Newton wrote most of the Olney Hymns himself, but sixty some odd were written by his friend and neighbor, William Cowper. After writing these songs, Cowper turned to secular verse and became one of England's most celebrated poets.
His is a sad story, which I cannot tell today, except as it throws light on his pastor, John Newton.
William Cowper came from a family with a long history of mental illness. His mother died when he was a young boy and a close friend took his own life. His father, whom it seems, meant well, but did ill, gave his son an article advocating suicide, for the purpose of showing him how foolish and sinful it is. But William read it the other way around and began to brood over the matter.
His father sent him to law school, for which he was entirely unfit, and where he didn't make a friend for three years and dwelt only on death and damnation.
At twenty six he tried to kill himself, and failed five times. He first took poison, but it made him sick and he vomited it up. Then he tried to slit his wrist, but the knife broke. Three times he tried to hang himself, but the hook came loose or the rope snapped. Finally he was committed to an asylum.
There, amid the brooders and the screamers, he spotted a Bible (not his own), and turned to Romans 3:25, without meaning to-
Whom God set forth to be a propitiation by His blood, through faith, to demonstrate His righteousness, because in His forebearance God had passed over the sins that were previously committed.
Through growing up in a Christian family and Church, Cowper saw that God could have mercy on him and forgive him and save him-all for Christ's sake. The dark cloud lifted, and it wasn't long until he left the hospital for Olney to meet Mr. Newton.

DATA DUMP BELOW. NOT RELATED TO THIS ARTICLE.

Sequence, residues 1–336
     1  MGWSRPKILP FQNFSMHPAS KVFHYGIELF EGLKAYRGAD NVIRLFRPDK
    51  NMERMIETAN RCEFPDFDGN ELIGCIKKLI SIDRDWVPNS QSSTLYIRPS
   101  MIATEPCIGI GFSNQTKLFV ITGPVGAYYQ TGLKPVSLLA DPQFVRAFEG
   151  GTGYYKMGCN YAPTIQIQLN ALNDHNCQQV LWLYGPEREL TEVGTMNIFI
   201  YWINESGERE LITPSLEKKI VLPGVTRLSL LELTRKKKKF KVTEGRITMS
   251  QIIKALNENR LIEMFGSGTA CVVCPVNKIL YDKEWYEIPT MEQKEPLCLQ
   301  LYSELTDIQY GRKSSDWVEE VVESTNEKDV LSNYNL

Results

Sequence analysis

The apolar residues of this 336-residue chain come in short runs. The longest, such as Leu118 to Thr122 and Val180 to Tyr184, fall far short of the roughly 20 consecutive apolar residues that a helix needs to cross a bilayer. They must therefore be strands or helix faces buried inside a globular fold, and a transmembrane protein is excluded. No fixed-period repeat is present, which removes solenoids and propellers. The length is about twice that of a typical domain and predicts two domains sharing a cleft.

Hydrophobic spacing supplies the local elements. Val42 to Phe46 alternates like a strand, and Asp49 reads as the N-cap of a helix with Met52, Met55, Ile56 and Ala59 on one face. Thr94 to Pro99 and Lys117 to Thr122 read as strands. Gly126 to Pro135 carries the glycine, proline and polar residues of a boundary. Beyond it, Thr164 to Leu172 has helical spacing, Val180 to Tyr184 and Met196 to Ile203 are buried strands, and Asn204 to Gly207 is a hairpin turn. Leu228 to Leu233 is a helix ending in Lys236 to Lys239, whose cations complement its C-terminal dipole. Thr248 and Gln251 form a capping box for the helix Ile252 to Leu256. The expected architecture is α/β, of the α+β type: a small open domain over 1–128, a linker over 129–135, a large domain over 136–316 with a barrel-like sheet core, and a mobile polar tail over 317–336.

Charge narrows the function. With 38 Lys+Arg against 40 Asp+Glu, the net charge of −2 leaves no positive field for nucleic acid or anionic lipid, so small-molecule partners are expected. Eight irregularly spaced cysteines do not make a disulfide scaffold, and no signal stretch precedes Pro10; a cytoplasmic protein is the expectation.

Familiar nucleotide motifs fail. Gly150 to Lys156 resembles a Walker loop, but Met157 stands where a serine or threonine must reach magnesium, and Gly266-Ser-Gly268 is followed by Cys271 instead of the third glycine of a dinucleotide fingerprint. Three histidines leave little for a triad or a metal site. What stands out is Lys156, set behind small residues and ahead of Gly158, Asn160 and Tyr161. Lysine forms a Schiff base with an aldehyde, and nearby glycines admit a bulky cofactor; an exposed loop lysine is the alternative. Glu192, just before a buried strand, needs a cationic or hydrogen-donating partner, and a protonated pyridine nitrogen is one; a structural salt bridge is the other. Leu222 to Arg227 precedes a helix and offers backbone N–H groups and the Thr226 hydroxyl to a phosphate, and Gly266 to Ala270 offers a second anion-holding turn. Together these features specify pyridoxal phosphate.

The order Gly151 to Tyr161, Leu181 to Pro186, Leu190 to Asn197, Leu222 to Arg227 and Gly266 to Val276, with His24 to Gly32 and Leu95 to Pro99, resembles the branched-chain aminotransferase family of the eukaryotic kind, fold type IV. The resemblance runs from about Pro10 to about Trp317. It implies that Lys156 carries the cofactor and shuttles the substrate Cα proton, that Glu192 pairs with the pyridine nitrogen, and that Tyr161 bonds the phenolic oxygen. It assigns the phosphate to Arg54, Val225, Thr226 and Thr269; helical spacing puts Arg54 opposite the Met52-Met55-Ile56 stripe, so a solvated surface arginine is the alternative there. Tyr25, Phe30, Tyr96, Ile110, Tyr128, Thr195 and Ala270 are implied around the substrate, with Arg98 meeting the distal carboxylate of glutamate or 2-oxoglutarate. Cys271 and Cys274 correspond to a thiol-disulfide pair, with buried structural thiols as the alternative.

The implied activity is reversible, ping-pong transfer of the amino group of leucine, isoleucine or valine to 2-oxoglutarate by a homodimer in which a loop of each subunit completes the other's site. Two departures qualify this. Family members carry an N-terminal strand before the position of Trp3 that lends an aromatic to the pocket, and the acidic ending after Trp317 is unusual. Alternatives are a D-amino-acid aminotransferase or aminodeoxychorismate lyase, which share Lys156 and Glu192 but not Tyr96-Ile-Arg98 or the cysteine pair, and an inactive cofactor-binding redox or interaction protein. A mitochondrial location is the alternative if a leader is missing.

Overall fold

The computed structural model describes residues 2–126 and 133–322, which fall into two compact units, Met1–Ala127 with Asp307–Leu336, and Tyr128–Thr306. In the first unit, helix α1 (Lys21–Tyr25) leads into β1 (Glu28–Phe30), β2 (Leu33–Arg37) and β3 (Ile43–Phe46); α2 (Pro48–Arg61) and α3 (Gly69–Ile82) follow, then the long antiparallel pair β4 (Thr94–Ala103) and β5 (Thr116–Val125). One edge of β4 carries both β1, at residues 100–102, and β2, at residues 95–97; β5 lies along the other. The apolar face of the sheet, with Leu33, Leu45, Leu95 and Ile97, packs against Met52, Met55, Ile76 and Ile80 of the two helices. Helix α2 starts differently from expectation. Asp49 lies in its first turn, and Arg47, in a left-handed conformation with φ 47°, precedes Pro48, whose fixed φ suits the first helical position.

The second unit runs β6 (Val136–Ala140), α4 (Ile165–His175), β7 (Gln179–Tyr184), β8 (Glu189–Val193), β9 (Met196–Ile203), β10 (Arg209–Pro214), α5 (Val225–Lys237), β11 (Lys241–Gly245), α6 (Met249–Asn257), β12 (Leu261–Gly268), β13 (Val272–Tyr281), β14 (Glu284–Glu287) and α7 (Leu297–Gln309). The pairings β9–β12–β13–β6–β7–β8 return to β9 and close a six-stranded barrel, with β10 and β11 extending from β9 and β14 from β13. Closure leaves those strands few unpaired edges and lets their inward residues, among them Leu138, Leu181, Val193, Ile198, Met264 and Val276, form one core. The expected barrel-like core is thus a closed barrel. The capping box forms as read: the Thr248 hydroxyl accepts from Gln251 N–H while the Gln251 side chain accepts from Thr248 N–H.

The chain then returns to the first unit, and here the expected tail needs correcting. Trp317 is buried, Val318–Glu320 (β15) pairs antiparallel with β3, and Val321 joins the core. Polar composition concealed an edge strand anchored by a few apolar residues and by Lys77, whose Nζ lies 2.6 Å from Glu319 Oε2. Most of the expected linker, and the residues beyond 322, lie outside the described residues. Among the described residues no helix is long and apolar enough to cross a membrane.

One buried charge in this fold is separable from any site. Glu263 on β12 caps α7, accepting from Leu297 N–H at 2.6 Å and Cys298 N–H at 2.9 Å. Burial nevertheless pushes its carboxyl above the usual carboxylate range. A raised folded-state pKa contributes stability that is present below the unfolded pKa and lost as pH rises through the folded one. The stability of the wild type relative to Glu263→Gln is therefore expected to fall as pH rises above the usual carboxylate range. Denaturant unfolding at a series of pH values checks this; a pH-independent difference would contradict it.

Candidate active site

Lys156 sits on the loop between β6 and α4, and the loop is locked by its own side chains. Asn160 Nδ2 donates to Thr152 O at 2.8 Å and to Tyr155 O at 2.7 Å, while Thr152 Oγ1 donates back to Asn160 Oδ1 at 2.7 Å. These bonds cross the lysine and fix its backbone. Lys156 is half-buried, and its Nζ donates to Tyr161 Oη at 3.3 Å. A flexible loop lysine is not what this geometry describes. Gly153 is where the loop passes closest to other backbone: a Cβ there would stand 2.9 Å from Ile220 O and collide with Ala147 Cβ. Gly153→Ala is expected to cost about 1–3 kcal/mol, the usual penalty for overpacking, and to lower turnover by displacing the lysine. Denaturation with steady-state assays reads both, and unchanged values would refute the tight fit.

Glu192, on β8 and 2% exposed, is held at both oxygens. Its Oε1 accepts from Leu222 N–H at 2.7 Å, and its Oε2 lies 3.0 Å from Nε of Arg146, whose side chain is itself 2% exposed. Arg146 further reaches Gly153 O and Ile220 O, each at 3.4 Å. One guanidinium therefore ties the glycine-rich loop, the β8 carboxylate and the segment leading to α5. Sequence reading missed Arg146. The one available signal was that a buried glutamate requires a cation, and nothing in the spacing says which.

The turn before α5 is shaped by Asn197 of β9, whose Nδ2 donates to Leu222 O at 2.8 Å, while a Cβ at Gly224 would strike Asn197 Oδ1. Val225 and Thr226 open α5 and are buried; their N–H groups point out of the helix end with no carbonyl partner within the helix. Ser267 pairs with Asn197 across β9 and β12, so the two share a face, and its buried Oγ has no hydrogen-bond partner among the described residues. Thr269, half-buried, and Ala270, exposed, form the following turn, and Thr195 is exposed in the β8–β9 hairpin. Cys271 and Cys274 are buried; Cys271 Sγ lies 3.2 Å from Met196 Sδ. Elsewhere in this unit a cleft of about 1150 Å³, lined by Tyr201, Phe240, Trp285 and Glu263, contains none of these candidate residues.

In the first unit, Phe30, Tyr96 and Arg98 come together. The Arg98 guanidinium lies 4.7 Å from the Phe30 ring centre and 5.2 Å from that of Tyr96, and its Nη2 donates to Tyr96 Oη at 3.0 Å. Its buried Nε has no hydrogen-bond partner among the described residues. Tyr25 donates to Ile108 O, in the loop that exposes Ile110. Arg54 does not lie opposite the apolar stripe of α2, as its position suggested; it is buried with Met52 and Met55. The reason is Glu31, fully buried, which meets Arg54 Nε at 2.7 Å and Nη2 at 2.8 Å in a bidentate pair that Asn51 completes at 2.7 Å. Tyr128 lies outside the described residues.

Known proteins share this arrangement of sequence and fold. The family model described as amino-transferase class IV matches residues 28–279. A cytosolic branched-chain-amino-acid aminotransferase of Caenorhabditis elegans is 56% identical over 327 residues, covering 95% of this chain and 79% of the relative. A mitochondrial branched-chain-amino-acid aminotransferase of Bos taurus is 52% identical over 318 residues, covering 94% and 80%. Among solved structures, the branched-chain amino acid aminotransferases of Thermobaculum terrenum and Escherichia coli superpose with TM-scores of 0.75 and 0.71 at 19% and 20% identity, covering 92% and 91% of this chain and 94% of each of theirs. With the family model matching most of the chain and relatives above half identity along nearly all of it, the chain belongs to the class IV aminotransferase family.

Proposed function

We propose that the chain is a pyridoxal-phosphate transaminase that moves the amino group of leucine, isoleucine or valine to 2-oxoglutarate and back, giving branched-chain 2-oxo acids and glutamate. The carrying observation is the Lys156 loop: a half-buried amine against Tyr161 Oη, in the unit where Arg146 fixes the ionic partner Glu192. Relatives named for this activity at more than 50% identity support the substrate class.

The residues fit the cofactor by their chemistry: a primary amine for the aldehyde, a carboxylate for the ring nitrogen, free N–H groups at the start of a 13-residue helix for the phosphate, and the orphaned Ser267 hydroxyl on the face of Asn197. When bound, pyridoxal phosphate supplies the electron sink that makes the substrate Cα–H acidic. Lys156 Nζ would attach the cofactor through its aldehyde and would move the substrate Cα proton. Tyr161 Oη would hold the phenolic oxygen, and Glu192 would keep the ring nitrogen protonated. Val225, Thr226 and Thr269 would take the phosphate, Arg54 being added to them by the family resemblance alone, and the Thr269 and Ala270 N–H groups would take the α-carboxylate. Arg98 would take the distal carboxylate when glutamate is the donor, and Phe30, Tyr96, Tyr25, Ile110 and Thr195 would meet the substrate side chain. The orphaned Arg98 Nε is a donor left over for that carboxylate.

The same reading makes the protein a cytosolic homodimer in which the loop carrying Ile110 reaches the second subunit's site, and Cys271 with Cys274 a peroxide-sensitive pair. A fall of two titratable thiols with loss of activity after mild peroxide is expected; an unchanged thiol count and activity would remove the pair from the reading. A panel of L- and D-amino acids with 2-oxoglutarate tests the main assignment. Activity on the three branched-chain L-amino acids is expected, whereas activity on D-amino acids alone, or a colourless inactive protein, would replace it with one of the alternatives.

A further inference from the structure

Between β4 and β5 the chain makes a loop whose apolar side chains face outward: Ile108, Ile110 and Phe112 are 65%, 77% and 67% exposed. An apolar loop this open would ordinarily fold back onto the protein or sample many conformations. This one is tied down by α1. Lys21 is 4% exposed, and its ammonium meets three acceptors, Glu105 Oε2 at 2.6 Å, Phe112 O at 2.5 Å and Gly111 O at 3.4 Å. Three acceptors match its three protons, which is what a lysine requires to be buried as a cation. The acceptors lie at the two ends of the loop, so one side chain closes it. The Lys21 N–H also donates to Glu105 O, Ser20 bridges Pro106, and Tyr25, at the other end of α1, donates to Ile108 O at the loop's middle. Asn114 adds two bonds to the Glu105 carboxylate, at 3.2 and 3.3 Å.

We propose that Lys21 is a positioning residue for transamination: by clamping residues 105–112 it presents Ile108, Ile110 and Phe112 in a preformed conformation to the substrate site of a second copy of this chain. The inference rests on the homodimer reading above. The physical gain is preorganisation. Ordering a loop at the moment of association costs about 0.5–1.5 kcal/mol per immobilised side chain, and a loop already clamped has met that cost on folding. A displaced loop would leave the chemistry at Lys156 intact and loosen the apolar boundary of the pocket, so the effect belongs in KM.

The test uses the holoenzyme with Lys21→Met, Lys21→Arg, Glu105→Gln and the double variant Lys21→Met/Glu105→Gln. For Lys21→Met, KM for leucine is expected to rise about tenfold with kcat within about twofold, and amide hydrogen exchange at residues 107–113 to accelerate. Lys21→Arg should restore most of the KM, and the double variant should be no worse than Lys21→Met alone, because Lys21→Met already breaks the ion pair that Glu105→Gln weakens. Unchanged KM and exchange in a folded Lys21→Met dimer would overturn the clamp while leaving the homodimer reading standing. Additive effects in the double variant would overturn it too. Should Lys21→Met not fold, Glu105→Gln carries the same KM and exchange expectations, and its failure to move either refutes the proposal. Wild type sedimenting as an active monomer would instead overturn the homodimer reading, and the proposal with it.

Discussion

The two men hit it off from the start and loved each other the rest of their lives. Newton, seeing Cowper was a fragile and insecure person, spent time every day with him and, knowing he had a tendency to brood, he put him to work. William became John's assistant at church, he labored with the Sunday School, and-most of all-he wrote hymns, for which he was eminently suited. In these happy days, he wrote (in my opinion) his finest hymn (and the one Spurgeon chose for his own tomb)-
There is a fountain filled with blood,
Drawn from Immanuel's veins,
And sinners plunged beneath that flood,
Lose all their guilty stains.
The dying thief rejoiced to see
That fountain in his day,
And there have I, as vile as he,
Washed all my sins away.
E're since by faith I saw that stream
Thy flowing wounds provide,
Redeeming love has been my theme
And shall be till I die.
Dear dying Lamb, Thy precious blood
Shall never lose its power,
Till all the ransomed Church of God
Be saved to sin no more.
These were good days for William Cowper. But they would not last. For his problem-I believe--was organic and not spiritual. If the Gospel heals a broken spirit, it does not heal a broken leg.or a broken mind. And this is what Cowper had.
Six years into their friendship, Cowper went into a deep depression, and he stayed there until his death many years later. These were discouraging times for the man, of course, and for his loving pastor. But his pastor-like his Savior-loved him to the end. What did Newton do for his depressed friend? He and another friend tell us--
For nearly six years I walked pensively with him through the valley of the shadow of death.
He stayed with his friend, spending hours with him every day. Had John had a more practical bent, he would have found more productive things to do than sitting by a madman, doing nothing. But love is not practical, it's longsuffering. And that's what Newton did for his friend-he suffered along side of him and for a very long time.
William Jay, a famous pastor, knew both men and said of Newton-
He had the tenderest disposition; and always regarded his friend's depression as a physical effect, for the removal of which he prayed, but never reasoned or argued with him.